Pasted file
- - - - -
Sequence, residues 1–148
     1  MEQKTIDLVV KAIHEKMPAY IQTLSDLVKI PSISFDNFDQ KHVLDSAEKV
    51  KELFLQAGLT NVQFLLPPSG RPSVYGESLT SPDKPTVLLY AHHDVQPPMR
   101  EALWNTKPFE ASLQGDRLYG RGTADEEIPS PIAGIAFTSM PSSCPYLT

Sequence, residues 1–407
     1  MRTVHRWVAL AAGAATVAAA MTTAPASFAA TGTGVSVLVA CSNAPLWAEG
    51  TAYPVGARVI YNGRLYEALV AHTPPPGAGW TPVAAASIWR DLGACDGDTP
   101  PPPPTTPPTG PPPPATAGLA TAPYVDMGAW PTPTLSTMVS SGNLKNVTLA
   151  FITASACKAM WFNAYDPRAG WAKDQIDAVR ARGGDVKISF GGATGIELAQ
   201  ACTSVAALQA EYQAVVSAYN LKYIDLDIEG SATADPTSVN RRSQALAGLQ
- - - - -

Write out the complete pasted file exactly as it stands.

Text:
Sequence, residues 1–148
     1  MEQKTIDLVV KAIHEKMPAY IQTLSDLVKI PSISFDNFDQ KHVLDSAEKV
    51  KELFLQAGLT NVQFLLPPSG RPSVYGESLT SPDKPTVLLY AHHDVQPPMR
   101  EALWNTKPFE ASLQGDRLYG RGTADEEIPS PIAGIAFTSM PSSCPYLT

Sequence, residues 1–407
     1  MRTVHRWVAL AAGAATVAAA MTTAPASFAA TGTGVSVLVA CSNAPLWAEG
    51  TAYPVGARVI YNGRLYEALV AHTPPPGAGW TPVAAASIWR DLGACDGDTP
   101  PPPPTTPPTG PPPPATAGLA TAPYVDMGAW PTPTLSTMVS SGNLKNVTLA
   151  FITASACKAM WFNAYDPRAG WAKDQIDAVR ARGGDVKISF GGATGIELAQ
   201  ACTSVAALQA EYQAVVSAYN LKYIDLDIEG SATADPTSVN RRSQALAGLQ